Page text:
By Matt Degen
KBB Expert Rating: 8.8
Available as a sedan or versatile hatchback, the 2017 Chevrolet Sonic slots between the tiny Spark and compact Cruze in Chevy's lineup. With its efficiency, surprising feature content and easy driving manners, the Sonic has always been a worthy rival to the Ford Fiesta, Kia Rio, Hyundai Accent and Toyota Yaris. Thanks to a freshening for 2017, the new Sonic presents an even better option for younger drivers or commuters on a budget, thanks to the addition of Apple CarPlay and Android Auto smartphone compatibility and available features like built-in Wi-Fi not usually found in a subcompact car. While base models still don't offer power windows, those willing to spend a bit more can find plenty of value in the 2017 Sonic.
If you're looking for a small, fuel-efficient, easy-to-drive sedan or hatchback with the latest tech features, the 2017 Chevy Sonic is a smart choice. Other positives include a fresh design and safety features like forward-collision alert and lane-departure warning.
If lots of highway miles are in your future, consider something more substantial like the Cruze, now also offered as a hatchback. For drivers and parents of drivers seeking extra assurance, the 2017 Toyota Yaris includes a new safety system that can automatically stop the car if a collision appears imminent.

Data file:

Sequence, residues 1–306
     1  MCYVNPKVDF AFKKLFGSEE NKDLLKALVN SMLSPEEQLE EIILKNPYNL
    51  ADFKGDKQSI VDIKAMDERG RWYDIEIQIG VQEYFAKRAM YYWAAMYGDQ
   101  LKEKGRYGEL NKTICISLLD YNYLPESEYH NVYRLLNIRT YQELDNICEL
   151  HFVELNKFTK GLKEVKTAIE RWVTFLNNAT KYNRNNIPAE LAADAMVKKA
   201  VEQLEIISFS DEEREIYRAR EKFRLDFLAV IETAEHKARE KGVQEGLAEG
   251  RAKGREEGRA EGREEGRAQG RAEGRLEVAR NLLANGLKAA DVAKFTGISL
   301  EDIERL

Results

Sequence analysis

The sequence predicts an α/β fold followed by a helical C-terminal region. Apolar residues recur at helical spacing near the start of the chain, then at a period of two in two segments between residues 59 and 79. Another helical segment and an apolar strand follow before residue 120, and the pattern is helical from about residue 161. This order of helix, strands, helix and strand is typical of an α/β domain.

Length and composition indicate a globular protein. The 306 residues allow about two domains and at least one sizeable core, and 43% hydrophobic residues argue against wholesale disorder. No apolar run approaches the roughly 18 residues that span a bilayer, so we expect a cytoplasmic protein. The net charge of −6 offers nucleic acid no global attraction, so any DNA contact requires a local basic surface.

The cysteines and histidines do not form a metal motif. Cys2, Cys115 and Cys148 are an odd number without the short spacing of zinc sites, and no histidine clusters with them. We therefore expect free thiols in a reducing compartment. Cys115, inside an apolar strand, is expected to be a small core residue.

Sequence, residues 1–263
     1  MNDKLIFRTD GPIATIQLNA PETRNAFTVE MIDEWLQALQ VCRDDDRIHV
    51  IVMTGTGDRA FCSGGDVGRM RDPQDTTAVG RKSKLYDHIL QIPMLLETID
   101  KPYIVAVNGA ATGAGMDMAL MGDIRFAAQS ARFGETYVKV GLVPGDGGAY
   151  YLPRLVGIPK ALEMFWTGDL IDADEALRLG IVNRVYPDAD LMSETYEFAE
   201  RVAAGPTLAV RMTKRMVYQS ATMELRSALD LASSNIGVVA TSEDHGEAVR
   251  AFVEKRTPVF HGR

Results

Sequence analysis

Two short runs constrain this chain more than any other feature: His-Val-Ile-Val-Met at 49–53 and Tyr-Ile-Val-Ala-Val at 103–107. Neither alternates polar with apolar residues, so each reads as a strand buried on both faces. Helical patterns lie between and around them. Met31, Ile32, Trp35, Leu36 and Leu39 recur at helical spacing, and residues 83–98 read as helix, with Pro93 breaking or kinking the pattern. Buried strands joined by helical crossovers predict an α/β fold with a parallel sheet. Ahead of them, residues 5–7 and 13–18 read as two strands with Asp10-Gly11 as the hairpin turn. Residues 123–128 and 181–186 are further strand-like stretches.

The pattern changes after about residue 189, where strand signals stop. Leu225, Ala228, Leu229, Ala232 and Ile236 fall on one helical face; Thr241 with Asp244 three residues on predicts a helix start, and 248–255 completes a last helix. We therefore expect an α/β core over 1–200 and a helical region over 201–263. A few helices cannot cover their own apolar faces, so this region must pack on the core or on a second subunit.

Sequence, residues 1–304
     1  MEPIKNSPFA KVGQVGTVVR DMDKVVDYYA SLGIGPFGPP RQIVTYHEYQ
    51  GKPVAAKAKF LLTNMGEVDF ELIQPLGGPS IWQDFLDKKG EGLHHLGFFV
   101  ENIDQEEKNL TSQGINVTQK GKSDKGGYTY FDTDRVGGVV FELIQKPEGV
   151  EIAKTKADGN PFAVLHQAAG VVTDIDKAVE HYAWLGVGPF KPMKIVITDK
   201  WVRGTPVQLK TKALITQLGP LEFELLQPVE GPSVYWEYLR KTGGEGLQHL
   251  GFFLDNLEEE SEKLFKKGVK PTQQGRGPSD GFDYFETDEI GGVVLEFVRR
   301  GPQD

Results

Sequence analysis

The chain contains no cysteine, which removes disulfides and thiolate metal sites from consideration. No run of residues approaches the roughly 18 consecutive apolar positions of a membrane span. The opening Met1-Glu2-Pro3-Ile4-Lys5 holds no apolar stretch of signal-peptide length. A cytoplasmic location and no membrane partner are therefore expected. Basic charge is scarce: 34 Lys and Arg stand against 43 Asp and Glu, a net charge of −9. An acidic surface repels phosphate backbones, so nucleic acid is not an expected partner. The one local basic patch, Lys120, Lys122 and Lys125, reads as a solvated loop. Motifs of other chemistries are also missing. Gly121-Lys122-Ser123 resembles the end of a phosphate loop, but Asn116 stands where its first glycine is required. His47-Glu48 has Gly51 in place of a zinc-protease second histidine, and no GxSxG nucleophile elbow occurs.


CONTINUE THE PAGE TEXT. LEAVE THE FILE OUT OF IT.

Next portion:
KBB Expert Ratings
The Chevy Sonic is refreshed for 2017 with new front and rear fascias, and even base models now come with a 7-inch touch-screen infotainment system that's Apple CarPlay and Android Auto compatible. Premium features such as heated steering wheel, power-adjustable driver's seat and rear-park assist become available.
Take a spin in the Chevy Sonic and you may just gain new respect for the subcompact genre. This small Chevy's ride is smooth and stable, its steering is precise,...
... and the car's suspension is nimble enough to round corners with confidence or dart through city traffic with ease. Despite its compact dimensions, the Chevrolet Sonic feels more substantial than a Ford Fiesta or Honda Fit. Even if you stick with the base 1.8-liter engine you’ll find a driving experience that's pleasing enough. The smaller but more powerful 1.4-liter turbo makes this car quite fun, especially if you opt for the available sport suspension. We liken that top-line model to a lower-price alternative to a Mini Cooper. A small but notable detail we appreciate: The driver's seat on all models includes an armrest on the right, which makes longer commutes comfortable.